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Fly Fishing Discussions

Bernd Ziesche - Wednesday, May 23, 2018

I truly welcome all kind of dicussions about fly fishing since there is always something to learn in them. Even if they take place in some social media. What I however don't like is other fly fishermen telling me what is right and what is wrong. I prefer to make that decision on my own, as I prefer to leave the same to everyone!

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A tarpon leader

Gary Meyer - Tuesday, May 22, 2018

In the next few weeks, I’ll be down in the Keys for a few days of continuously targeting large tarpon. To be honest it is not my favorite way to fish for them but it is fun none the less. It is the epitome of sight fishing and there are plenty of targets. The downside is many, actually, most, are hard to feed. The water is clear and the fish are usually visible although often the shots are rushed as the fish are on the move and quite often not detectable until very close. Sometimes you get lucky and a fish or two from the school will roll at the surface giving away their approach. Other times, especially in the morning you can find stationary “laid up” fish, which is more like the way we find them up near the Everglades. There is a lot of preplanning involved. Water depth and clarity, tide phase, sun position and bottom structure are all components for choosing where to be at certain times. And then you hope someone else did not beat you to your spot. Tarpon fishing this time of year is very popular and there are many other boats on the water doing the same thing.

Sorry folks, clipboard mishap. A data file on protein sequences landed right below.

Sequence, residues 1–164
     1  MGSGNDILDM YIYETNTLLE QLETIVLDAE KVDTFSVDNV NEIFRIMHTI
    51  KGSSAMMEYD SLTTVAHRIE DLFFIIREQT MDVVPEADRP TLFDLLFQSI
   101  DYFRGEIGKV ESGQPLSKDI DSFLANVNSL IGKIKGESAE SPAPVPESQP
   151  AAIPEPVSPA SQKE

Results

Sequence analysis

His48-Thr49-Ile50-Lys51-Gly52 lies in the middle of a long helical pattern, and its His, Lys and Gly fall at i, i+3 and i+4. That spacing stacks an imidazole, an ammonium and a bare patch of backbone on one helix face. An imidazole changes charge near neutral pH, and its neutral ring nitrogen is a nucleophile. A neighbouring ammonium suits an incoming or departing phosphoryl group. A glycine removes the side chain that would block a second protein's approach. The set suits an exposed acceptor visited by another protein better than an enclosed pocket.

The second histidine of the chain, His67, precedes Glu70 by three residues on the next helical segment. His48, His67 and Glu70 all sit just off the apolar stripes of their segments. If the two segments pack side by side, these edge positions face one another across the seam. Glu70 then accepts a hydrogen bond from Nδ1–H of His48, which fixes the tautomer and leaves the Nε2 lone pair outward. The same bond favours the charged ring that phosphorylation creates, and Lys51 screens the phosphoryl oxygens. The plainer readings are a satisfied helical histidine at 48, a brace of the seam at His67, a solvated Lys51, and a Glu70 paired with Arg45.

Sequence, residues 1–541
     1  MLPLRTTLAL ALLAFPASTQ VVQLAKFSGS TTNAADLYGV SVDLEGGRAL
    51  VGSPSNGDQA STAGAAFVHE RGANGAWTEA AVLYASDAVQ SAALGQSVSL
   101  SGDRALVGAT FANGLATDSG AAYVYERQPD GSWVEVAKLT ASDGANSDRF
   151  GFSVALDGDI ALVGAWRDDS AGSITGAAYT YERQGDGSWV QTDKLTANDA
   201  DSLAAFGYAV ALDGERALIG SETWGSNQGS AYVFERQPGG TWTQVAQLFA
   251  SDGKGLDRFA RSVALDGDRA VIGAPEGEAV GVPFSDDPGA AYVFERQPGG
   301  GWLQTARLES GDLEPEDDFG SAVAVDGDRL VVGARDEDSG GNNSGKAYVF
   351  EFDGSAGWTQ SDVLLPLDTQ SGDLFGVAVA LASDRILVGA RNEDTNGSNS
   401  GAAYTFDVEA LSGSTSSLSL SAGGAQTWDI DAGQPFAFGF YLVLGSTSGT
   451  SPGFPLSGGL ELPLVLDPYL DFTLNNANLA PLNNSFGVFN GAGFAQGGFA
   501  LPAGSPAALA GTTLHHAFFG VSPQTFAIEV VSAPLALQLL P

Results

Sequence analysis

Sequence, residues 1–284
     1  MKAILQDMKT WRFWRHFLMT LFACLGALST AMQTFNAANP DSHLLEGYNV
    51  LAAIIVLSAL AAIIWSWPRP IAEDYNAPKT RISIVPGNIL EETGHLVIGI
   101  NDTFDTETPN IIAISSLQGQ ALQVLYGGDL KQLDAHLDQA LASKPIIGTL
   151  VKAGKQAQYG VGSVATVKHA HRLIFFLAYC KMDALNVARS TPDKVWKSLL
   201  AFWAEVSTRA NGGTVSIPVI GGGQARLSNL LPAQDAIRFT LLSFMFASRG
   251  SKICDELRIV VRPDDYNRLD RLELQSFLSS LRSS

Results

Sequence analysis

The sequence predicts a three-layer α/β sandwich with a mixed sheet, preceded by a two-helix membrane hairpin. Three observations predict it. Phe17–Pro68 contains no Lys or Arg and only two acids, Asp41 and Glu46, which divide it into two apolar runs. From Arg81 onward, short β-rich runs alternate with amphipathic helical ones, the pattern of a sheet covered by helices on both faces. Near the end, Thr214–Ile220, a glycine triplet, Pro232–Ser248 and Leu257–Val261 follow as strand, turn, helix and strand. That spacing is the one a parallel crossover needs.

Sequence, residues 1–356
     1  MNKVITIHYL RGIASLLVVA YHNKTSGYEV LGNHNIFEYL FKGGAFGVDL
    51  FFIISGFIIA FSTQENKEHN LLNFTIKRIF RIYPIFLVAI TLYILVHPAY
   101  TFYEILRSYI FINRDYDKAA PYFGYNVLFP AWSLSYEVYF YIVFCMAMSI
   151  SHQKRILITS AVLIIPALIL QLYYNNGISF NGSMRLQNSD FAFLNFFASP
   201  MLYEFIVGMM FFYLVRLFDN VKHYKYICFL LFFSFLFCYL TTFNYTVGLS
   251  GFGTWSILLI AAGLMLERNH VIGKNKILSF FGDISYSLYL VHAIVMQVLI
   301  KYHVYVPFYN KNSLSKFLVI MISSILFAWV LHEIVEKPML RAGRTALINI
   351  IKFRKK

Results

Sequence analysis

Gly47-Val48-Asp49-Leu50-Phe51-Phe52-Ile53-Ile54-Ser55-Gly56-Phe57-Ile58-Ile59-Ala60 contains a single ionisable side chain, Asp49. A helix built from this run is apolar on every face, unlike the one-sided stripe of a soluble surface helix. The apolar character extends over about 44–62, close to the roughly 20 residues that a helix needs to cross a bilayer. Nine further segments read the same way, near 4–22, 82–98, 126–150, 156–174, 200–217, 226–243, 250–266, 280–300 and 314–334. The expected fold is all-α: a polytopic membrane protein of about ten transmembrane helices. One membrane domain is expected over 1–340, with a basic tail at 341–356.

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Fish Curry

Paul Arden - Monday, May 21, 2018

Ashly and I are having a short break in Thailand. We've been here a few times by car (with the Rocket Condom) but this time we flew up to Krabi. It's been a very long time since I've been this far north, almost 20 years in fact, and CHRIST!!! It's busy now!!!! And this is currently low season!!!! I'm pleased I saw this part of Thailand before it changed and became the tourist herding place it is now. I had the idea that we might drive up with the truck and the boat sometime, drive through Thailand and visit Vietnam and who knows where else - but I'm not sure I can do this nowadays... I like people but can't stand crowds. To give you an idea of how things are now, we did a couple of tours. On one tour, on one small beach, I counted over 50 speed boats and that was just a small snapshot. The mind boggles to think how it must be in high season.

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2-handed Rods for Stillwater Fishing?

Matt Klara - Sunday, May 20, 2018

If you know me, or if you’ve gotten to know a bit about me through my writings over time, you know that two of my favorite types of fly fishing are stillwater trout fishing, and casting 2-handed rods to swing flies on big rivers. I think if you dig deep, there are a number of shared traits that these types of angling have in common. The joy of casting a long line. The relaxed pace of a slow stillwater retrieve or tight line swing. The sudden jolt of a grab from a hidden fish. But the standard gear that these two types of fishing utilize are radically different. On the big rivers, I’m typically casting 12 to 14 ft 2-handed rods, rigged with some type of shooting head and sink tip system or long floating line designed for Spey casting. On the lakes, I’m usually reaching for a 9 or 10 ft single hand rod and either a floating or full sinking line of various densities. But there is one instance where I can think of where I will reach for a 2-handed rod when fishing stillwaters, and it solves a very specific angling “problem” for me.